Henning Kronstam: Portrait of a Danish Dancerby Alexandra Tomalonis
"He was the glue that held the company together. He was the reason it maintained its international reputation as long as it did." --Ib/i>
"Kronstam is slender and dark, with the clarity of a rapier, an intuitive sense of style, and a dynamic brilliance that takes off at jet speed under perfect control." --Claudia Cassidy, Chicago Tribune
"He was the glue that held the company together. He was the reason it maintained its international reputation as long as it did." --Ib Andersen, former principal dancer, New York City Ballet and Royal Danish Ballet
"In the long and, seen with international eyes, unique Danish tradition of brilliant male dancers from Bournonville to Nikolaj Hübbe, Henning Kronstam will stand out as the absolute number one." --Ebbe Mørk, Politiken
The story of Henning Kronstam, one of the greatest dancers of 20th-century ballet, is a testament of professional achievement and personal victory. Overcoming illness, family disapproval, and his own private torments, Kronstam dominated one of the world's most renowned companies, the Royal Danish Ballet, for nearly 30 years—beginning in 1956 when he created the role of Romeo at the age of 20 in Frederick Ashton's Romeo and Juliet until a new generation, trained by him, took the stage. In 1979, he organized and directed the Bournonville Festival, introducing the world to the rarely performed works of August Bournonville, the Danes’ master choreographer.
Alexandra Tomalonis has documented Kronstam's major roles as recounted in his own words, revealing the genius behind the man and his art. A superb technician and impeccable classical stylist, Kronstam was also a great dance-actor. His range stretched from classical ballet to modern dance; his greatest roles included Bournonville's James; Balanchine's Apollo; Petit's Cyrano; and the Old Clown in Murray Louis's Hoopla. His refusal to substitute flash for style earned him the admiration of his peers, and he remains a beacon of artistic integrity and courage to the three generations of dancers he taught and coached.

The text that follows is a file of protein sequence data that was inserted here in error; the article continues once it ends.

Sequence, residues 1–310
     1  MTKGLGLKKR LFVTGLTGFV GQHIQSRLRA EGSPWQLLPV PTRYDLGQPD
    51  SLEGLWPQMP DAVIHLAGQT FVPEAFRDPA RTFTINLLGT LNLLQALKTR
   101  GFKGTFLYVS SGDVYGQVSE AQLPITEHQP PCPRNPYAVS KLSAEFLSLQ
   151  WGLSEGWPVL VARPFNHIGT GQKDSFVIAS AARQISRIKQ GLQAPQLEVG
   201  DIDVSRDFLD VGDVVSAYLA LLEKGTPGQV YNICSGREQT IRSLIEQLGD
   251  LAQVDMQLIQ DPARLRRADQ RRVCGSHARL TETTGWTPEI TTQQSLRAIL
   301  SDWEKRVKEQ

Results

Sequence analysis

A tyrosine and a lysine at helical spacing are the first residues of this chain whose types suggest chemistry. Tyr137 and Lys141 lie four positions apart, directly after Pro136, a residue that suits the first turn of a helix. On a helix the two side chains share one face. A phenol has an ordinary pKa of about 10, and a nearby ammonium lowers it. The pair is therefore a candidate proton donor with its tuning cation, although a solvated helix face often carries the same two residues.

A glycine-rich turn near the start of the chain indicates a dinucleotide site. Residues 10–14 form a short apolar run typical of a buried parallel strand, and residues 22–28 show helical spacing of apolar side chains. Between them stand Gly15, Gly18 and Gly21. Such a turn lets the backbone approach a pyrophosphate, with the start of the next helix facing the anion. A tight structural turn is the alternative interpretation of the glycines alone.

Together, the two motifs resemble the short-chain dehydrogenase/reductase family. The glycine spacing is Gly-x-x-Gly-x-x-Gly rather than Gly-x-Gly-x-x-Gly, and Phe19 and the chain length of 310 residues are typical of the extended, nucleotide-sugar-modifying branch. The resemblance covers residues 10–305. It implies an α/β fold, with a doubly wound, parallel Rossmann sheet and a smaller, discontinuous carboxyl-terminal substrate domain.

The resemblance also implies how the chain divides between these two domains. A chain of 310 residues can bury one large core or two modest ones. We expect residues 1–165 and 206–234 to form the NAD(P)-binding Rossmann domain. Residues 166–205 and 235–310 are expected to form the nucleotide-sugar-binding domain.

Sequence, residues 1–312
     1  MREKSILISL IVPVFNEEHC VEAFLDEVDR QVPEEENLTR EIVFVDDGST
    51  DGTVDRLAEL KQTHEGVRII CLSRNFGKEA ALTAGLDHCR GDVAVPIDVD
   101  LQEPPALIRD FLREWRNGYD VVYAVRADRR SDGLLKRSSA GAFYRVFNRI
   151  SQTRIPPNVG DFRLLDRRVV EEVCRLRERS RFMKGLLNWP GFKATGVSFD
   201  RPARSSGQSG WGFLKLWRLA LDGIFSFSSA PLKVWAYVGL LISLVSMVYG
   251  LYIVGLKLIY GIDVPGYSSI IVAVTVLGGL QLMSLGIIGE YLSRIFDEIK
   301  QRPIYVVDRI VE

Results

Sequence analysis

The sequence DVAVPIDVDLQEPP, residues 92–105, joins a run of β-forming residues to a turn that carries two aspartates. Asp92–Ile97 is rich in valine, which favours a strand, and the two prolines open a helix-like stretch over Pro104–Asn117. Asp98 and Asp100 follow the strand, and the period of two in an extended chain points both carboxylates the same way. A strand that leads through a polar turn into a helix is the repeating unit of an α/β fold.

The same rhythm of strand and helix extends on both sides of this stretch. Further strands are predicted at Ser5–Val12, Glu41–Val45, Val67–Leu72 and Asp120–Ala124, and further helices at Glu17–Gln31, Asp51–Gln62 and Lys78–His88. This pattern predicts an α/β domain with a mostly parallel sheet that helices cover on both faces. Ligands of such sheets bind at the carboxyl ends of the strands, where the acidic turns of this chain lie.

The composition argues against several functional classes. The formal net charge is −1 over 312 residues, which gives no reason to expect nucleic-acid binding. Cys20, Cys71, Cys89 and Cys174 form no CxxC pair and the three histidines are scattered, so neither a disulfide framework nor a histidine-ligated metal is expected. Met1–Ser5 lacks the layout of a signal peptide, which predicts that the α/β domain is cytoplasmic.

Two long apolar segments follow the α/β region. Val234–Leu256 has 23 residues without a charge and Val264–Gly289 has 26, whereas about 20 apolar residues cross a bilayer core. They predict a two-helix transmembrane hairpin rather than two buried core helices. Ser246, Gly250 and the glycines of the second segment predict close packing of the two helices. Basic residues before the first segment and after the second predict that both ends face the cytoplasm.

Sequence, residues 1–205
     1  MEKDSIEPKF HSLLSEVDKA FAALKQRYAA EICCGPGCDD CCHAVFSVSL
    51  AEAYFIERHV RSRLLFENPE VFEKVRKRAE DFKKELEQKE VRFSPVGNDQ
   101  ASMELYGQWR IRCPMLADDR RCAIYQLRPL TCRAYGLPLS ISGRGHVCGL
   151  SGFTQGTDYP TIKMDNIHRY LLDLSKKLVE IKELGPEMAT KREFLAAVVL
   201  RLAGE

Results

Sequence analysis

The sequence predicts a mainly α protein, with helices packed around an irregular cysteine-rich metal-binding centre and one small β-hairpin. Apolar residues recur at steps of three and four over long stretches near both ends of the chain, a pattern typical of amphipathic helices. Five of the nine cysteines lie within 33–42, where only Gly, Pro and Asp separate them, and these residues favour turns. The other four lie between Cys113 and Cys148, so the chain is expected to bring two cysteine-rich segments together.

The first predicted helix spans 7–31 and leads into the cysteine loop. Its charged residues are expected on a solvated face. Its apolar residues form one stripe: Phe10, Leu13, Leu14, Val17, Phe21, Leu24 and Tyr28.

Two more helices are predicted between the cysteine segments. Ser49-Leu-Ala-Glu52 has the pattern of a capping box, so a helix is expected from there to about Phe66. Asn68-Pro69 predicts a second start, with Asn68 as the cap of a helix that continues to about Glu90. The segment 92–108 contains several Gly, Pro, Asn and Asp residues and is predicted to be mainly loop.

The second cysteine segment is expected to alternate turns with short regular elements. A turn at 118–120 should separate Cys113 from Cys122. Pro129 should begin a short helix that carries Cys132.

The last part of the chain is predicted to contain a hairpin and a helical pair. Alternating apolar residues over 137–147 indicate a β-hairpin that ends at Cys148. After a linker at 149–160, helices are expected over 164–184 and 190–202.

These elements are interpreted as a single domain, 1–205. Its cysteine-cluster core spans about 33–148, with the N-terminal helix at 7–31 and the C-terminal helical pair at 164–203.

In the writing of this book, the author conducted 200 hours of interviews with Henning Kronstam and talked with over 100 dancers and choreographers, including many who worked with him. She observed classes and rehearsals at the Royal Danish Ballet over a 10-year period to provide an unusually detailed view of backstage life. More than a biography of one man, this book tells the story of a great dance company. The 155 photographs accompanying the narrative showcase Kronstam's refined classical technique, unparalleled dramatic range, and the theatrical traditions of the Royal Danish Ballet.
Alexandra Tomalonis has been writing dance criticism for the Washington Post since 1979, and she is the founding editor of DanceView, a quarterly dance review magazine. She has taught dance history and appreciation at George Washington University and George Mason University and has been guest lecturer at the Smithsonian Institution and the John F. Kennedy Center for the Performing Arts, among others.
- University Press of Florida
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- 6.45(w) x 9.44(h) x 1.65(d)
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